In one case study a gambling operator failed to conduct sufficient checks on the source of funds from an investment that had originated from cryptoassets (which was then converted to Sterling when it was invested into the gambling business). This case study highlights failings with the licensed business, including: failure to establish the source of funds for the originating cryptoassets; transactional risks of asset exchange and jurisdictional risks due to the sources of funds originating from a high risk jurisdiction.
There have been repeated examples of gambling operators failing to consider jurisdictional risk in relation to these business relationships. The Commission’s guidance for both casino and other gambling operators highlights the importance of considering jurisdictional risk. These risks are heightened where gambling operators are conducting business or customer relationships with sanctioned jurisdictions as this is a breach of the Sanctions and Anti-Money Laundering Act 2018 (SAMLA) (opens in new tab) (for example) and international law. Further information can be found on the GOV.UK (opens in new tab) website.
Please see the April and July 2020 e-bulletins for more information on the risks associated with cryptoasset payments and the importance of operators conducting robust due diligence measures in their third-party business relationships.
By failing to consider the risks associated with such relationships, operators run the risk of breaching the following:
Licence Condition 12.1.1(1) of the LCCP which requires that operators ‘must conduct an assessment of the risks of their business being used for money laundering and terrorist financing’
Licence Condition 12.1.1(3) which requires that operators ‘take into account any applicable learning or guidelines published by the Gambling Commission from time to time’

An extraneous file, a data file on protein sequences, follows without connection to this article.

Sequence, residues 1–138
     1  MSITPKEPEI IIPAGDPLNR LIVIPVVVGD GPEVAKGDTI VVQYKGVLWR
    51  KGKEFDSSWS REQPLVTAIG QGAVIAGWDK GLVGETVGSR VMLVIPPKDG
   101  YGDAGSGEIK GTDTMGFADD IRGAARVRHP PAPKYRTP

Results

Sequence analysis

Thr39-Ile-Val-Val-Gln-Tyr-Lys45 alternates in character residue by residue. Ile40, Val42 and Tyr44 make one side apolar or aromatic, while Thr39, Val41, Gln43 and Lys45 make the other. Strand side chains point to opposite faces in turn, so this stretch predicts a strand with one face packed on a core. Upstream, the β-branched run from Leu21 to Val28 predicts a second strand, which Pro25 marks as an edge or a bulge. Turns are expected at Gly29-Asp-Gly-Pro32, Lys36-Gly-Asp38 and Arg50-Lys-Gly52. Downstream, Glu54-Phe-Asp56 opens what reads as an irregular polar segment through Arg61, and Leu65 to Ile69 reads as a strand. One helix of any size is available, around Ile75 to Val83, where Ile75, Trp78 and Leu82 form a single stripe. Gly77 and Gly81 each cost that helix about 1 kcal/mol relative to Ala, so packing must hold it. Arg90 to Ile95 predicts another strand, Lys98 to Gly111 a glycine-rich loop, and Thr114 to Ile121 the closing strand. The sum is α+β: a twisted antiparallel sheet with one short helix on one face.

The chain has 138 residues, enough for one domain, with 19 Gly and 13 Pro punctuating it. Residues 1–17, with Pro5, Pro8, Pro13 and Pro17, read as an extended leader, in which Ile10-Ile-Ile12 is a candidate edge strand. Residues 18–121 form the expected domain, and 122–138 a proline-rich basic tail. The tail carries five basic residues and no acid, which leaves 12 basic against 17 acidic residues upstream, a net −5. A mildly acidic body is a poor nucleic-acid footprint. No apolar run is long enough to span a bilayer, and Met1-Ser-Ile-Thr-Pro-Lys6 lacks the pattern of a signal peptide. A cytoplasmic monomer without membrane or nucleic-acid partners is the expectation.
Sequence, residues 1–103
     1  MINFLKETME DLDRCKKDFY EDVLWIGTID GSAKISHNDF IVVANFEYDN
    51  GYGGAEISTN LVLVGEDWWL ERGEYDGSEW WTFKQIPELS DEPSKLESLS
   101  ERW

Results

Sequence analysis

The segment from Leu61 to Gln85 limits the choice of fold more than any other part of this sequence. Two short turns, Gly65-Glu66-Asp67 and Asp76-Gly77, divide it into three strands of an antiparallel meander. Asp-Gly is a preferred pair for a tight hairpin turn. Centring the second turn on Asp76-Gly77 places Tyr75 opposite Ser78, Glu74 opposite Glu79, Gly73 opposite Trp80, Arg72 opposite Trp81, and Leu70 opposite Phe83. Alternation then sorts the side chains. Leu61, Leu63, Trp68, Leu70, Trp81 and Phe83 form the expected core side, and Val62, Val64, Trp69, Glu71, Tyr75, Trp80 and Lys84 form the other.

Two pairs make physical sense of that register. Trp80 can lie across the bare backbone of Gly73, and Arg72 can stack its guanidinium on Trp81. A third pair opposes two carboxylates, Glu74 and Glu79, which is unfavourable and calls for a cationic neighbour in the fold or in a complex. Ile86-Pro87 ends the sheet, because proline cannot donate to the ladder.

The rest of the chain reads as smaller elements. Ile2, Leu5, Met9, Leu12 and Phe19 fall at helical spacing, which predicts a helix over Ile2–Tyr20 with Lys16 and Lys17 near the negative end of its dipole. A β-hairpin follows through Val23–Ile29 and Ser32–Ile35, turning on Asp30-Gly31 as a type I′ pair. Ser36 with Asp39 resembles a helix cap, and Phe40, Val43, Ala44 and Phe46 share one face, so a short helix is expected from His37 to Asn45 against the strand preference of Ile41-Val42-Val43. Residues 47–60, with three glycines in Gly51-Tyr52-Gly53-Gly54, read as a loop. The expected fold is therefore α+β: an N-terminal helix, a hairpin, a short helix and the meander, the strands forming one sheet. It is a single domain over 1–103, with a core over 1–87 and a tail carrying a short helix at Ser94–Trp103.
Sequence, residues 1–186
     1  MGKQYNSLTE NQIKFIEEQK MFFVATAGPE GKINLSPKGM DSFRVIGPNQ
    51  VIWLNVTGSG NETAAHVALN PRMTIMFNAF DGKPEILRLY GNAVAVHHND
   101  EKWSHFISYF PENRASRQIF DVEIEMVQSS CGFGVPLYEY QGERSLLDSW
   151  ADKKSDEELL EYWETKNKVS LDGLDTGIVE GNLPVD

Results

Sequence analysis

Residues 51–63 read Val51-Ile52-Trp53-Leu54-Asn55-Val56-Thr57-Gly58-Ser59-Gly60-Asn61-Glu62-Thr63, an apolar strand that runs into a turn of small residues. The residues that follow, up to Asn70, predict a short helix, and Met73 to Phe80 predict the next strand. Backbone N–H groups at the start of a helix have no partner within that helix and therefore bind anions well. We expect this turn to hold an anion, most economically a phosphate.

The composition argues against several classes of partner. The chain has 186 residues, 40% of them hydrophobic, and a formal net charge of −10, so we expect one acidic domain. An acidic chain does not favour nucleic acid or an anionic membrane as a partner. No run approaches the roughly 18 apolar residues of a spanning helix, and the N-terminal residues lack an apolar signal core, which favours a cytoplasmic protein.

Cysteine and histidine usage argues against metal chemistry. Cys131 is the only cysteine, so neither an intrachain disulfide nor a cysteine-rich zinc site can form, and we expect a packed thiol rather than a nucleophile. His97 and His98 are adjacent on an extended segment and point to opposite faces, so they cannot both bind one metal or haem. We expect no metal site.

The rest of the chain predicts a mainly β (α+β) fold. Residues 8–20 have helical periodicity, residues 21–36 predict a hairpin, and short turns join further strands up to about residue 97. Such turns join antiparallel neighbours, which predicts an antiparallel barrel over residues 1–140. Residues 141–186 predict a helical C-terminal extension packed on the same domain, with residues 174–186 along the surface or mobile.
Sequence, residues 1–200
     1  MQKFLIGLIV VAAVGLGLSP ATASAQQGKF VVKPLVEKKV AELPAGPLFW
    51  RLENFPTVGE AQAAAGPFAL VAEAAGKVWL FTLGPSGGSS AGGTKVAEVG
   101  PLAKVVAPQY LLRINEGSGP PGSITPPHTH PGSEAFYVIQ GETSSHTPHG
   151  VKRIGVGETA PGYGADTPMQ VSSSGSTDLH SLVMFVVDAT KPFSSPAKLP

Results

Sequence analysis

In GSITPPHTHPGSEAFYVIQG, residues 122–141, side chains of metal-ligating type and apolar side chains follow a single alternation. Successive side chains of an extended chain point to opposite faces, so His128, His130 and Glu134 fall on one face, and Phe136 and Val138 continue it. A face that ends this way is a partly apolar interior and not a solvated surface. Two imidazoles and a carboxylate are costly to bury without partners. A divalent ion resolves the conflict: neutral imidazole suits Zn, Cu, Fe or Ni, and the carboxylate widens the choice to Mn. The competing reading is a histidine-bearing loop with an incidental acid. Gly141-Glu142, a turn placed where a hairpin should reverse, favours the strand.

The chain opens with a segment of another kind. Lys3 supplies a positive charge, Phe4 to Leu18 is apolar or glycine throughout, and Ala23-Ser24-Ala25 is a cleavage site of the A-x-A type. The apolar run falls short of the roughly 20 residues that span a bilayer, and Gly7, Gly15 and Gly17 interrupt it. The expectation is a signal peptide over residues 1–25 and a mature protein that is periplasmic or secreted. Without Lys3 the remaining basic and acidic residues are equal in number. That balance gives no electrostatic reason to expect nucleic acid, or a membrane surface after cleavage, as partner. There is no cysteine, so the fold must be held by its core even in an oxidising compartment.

Part 7 of the Proceeds of Crime Act 2002 (opens in new tab) and Part 3 of the Terrorism Act 2000 (opens in new tab) which requires that a suspicious activity report (SAR) must be submitted to the UK Financial Intelligence Unit wherever there is knowledge or suspicion of money laundering or terrorist financing. Please refer to the May 2021 e-bulletin below which provides advice on how to submit quality SARs.
Scottish notes and pre-paid cards
The significant, potential money laundering risks associated with the use of Scottish notes and pre-paid cards have been highlighted separately in the Commission’s current money laundering and terrorist financing risk assessment of Britain's gambling industry. However, there is now also an increased risk of Scottish notes being used to top up pre-paid cards.
Operators should remain curious as to the source of customer funds and conduct ongoing customer monitoring to ensure that customer spending levels align with your knowledge of their affordability to gamble. The Commission’s Raising Standards for consumers - Compliance and Enforcement report 2019 to 2020 shows the ‘good practice’ techniques gambling operators should be conducting in order to ensure compliance with their legal responsibilities.Previous page
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Emerging money laundering and terrorist financing risks from May 2021
Last updated: 17 February 2022